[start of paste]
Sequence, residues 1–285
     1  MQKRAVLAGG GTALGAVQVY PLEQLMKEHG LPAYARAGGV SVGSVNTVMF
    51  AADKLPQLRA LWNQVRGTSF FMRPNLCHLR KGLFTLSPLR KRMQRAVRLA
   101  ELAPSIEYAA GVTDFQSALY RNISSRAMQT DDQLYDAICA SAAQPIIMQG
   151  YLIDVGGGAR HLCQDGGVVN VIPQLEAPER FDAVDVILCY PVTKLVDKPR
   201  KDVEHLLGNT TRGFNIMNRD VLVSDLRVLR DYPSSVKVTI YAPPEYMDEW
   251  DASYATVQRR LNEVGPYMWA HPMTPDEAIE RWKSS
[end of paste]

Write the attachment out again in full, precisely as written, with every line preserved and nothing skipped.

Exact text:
Sequence, residues 1–285
     1  MQKRAVLAGG GTALGAVQVY PLEQLMKEHG LPAYARAGGV SVGSVNTVMF
    51  AADKLPQLRA LWNQVRGTSF FMRPNLCHLR KGLFTLSPLR KRMQRAVRLA
   101  ELAPSIEYAA GVTDFQSALY RNISSRAMQT DDQLYDAICA SAAQPIIMQG
   151  YLIDVGGGAR HLCQDGGVVN VIPQLEAPER FDAVDVILCY PVTKLVDKPR
   201  KDVEHLLGNT TRGFNIMNRD VLVSDLRVLR DYPSSVKVTI YAPPEYMDEW
   251  DASYATVQRR LNEVGPYMWA HPMTPDEAIE RWKSS